September 19, 2013
Ask A Curator has been running on twitter for a number of years now, based on the simple enough premise, that for one day each year, you can ask curators of the museums who are signed up to it, pretty much anything you want.
Of course, not every question gets answered – for many of the more well known institutions, there will be too many and other questions may be completely inappropriate etc. Also, many of the staff answering tweets also have other work to do during their day as well.
This year, there was a definite trend (at least among the people that I was following), to ask questions about cultural property. However, as the day went on, it became few of these questions were actually getting answered.
Eventually, after being bombarded by questions about the Parthenon Sculptures, the British Museum bluntly stated:
For all questions related to the Parthenon sculptures please see this page stating the Museum’s position ow.ly/oYNy2 #AskACurator
The page that it directed you to though, answered very few of the actual questions that they were being asked. People were asking about all sorts of aspects, such as whether the museum planned to organise educational exhibitional exhibitions relating to the sculptures, to whether they would consider displaying a copy rather than the original (as is the case with the Rosetta Stone. However, everyone received the same response.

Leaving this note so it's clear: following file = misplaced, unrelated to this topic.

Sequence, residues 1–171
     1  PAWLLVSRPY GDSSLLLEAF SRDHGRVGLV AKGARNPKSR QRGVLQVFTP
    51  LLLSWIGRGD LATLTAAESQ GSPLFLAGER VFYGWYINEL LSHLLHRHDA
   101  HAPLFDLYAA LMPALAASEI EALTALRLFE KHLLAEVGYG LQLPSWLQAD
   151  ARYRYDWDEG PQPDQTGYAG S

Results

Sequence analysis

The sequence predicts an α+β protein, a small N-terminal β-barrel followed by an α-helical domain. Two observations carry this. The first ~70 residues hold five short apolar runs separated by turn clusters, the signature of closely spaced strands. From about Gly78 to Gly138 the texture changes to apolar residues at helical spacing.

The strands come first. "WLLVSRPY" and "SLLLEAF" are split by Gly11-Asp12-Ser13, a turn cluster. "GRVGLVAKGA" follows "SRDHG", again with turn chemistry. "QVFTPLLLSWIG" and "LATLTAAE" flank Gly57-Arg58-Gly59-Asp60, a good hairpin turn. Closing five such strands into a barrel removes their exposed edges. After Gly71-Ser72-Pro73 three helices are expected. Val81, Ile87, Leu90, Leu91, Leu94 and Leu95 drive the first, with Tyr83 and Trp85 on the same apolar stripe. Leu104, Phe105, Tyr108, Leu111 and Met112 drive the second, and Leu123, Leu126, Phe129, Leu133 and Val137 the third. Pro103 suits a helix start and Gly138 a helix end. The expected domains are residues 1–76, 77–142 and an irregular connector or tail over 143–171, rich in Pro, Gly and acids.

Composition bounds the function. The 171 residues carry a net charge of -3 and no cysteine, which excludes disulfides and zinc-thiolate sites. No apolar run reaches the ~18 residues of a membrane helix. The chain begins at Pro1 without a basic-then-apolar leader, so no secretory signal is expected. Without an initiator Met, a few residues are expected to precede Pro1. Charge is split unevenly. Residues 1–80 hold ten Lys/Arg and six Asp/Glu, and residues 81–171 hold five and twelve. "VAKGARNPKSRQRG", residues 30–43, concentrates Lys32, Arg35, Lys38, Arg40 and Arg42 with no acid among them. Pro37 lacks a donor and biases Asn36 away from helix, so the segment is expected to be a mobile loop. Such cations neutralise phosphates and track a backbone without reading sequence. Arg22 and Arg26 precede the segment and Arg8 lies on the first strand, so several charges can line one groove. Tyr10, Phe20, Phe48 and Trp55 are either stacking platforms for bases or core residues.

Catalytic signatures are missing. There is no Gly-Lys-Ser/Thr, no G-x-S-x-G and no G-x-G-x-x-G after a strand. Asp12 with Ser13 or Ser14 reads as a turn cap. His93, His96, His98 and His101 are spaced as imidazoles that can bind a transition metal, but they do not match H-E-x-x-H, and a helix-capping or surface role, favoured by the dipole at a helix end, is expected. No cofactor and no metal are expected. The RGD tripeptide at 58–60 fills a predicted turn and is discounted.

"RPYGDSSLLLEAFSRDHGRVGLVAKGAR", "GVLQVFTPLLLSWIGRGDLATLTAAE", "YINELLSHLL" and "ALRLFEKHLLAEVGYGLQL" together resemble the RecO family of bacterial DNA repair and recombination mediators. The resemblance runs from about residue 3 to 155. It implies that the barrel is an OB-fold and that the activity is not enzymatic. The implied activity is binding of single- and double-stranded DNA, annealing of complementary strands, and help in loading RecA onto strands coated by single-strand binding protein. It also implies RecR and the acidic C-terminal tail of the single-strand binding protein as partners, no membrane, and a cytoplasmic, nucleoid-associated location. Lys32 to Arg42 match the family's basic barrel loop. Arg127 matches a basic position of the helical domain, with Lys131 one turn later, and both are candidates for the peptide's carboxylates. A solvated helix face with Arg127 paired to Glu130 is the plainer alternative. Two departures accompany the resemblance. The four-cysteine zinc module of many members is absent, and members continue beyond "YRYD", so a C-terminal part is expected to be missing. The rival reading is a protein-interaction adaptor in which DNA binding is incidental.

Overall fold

Now, I’m not asking for miracles, but it would be nice to understand whether the museums at least partially acknowledged people’s concerns, rather than just directing them to a statement written years ago, that takes no account of public opinion, or the nature of the actual question being asked.
This approach was not just taken by the British Museum. Many others seemed to ignore any queries about disputed artefacts in their collections, even when the question itself should not have been that controversial.
You can also see my attempts to get an answer on the Marbles (Storify won;t show half my tweets for some reason today, so you don’t get to see the ones to other museums about other artefacts.
- Parliamentary Questions on the Elgin Marbles & the New Acropolis Museum : December 9, 2009
- Spain, Bolivia, The silver coins & Odyssey Marine : November 16, 2012
- An exhibit about cultural property at USF Museums : April 23, 2012
- Did people really think Elgin’s removal of marbles was legal : December 3, 2014
- David Cameron’s simplistic and inadequate concept of returnism : February 28, 2013
- The British Museum refute their own floodgates argument & Cameron’s idea of returnism? : March 4, 2013
- Cleaning controversy surrounds Nigerian Ife artefacts : November 17, 2011
- Greece offers to set aside ownership claims on Parthenon Marbles : January 6, 2011